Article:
1. ## Difficult intergral! HELP!

If f(x)= 1/sqrt(1+t^5) dt, with bounds 0 to g(x). Where g(x) = [1+sin(t^3)]dt with bounds 0 to cosx, Find f'(pi/2)

Yeah where do I even begin with this... please help. And if someone could solve so I could see the steps involved more carefully I'd appreciate it!!

2. Originally Posted by Hibijibi
If f(x)= 1/sqrt(1+t^5) dt, with bounds 0 to g(x). Where g(x) = [1+sin(t^3)]dt with bounds 0 to cosx, Find f'(pi/2)

Yeah where do I even begin with this... please help. And if someone could solve so I could see the steps involved more carefully I'd appreciate it!!
Its a nested fundamental theorem of calculus question

You have to apply it to f, then to g.

$\displaystyle f(x) = \int_{0}^{g(x)} \frac1{\sqrt{1+t^5}}\, dt$

$\displaystyle f'(x) = \frac1{\sqrt{1+ (g(x))^5}}g'(x)$

But $\displaystyle g(x) = \int_{0}^{\cos x} (1+\sin t^3) dt \Rightarrow g'(x) = (1+\sin (\cos x)^3) (\cos x)'$

3. Hello,

Originally Posted by Hibijibi
If f(x)= 1/sqrt(1+t^5) dt, with bounds 0 to g(x). Where g(x) = [1+sin(t^3)]dt with bounds 0 to cosx, Find f'(pi/2)

Yeah where do I even begin with this... please help. And if someone could solve so I could see the steps involved more carefully I'd appreciate it!!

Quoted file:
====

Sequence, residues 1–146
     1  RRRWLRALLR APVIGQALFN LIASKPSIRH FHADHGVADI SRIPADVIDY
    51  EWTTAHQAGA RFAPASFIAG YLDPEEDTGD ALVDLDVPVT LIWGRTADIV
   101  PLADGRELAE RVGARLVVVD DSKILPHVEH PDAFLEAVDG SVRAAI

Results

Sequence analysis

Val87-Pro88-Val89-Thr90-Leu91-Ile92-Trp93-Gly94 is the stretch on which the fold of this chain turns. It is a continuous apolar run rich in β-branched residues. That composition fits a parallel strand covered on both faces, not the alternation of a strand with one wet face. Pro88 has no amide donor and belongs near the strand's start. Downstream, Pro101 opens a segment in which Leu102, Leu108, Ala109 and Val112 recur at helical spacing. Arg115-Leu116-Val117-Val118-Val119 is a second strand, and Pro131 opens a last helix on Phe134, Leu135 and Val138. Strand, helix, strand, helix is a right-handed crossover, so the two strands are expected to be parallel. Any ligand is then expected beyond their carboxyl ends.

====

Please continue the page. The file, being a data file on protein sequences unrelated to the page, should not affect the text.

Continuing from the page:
Let P(t) be an antiderivative of 1/sqrt(1+t^5).
The definition of the integral is that :

$\displaystyle f(x)=P(g(x))-P(0)$ (because g(x) and 0 are the boundaries of the integral :-))

P(0) is a number, independent of x.

Hence $\displaystyle f'(x)=\left(P(g(x))\right)'$

Use the chain rule :

$\displaystyle \boxed{f'(x)=g'(x) \cdot P'(g(x))}$

But we know that $\displaystyle P'(t)=\frac{1}{\sqrt{1+t^5}}$ (because P is an antiderivative of this function).

---> $\displaystyle f'(x)=g'(x) \cdot \frac{1}{\sqrt{1+[g(x)]^5}}$

$\displaystyle \boxed{f'(\frac{\pi}{2})=g'(\frac{\pi}{2}) \cdot \frac{1}{\sqrt{1+[{\color{blue}g(\frac{\pi}{2})}]^5}}}$

~~~~~~~~~~~~~~

Wait !

What is $\displaystyle g(\frac{\pi}{2})$ ?

We know that $\displaystyle g(x)=\int_0^{\cos({\color{red}x})} 1+\sin(t^3) \ dt$

--> $\displaystyle g(\frac{\pi}{2})=\int_0^{\cos({\color{red}\frac{\p i}{2}})} 1+\sin(t^3) \ dt$

But $\displaystyle \cos(\frac{\pi}{2})=0$.

Therefore, the boundaries of the integral are the same. So the integral is 0 !

---> $\displaystyle \boxed{g(\frac{\pi}{2})=0}$

~~~~~~~~~~~~~~

\displaystyle \begin{aligned} f'(\frac{\pi}{2}) & =g'(\frac{\pi}{2}) \cdot \frac{1}{\sqrt{1+0^5}} \\ & =\boxed{g'(\frac{\pi}{2})} \end{aligned}

Can you do it the same way I've done for calculating $\displaystyle f'(x)$ ? It may not look evident, but it has been awful for me to type all of this... I hope it will really help